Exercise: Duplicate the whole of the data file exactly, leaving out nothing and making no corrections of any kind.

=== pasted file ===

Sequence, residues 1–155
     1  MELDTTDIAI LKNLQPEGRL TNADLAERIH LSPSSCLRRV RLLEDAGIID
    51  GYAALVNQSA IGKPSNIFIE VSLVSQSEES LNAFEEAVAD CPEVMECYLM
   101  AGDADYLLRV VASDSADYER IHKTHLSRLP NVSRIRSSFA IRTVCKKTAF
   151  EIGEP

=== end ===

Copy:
Sequence, residues 1–155
     1  MELDTTDIAI LKNLQPEGRL TNADLAERIH LSPSSCLRRV RLLEDAGIID
    51  GYAALVNQSA IGKPSNIFIE VSLVSQSEES LNAFEEAVAD CPEVMECYLM
   101  AGDADYLLRV VASDSADYER IHKTHLSRLP NVSRIRSSFA IRTVCKKTAF
   151  EIGEP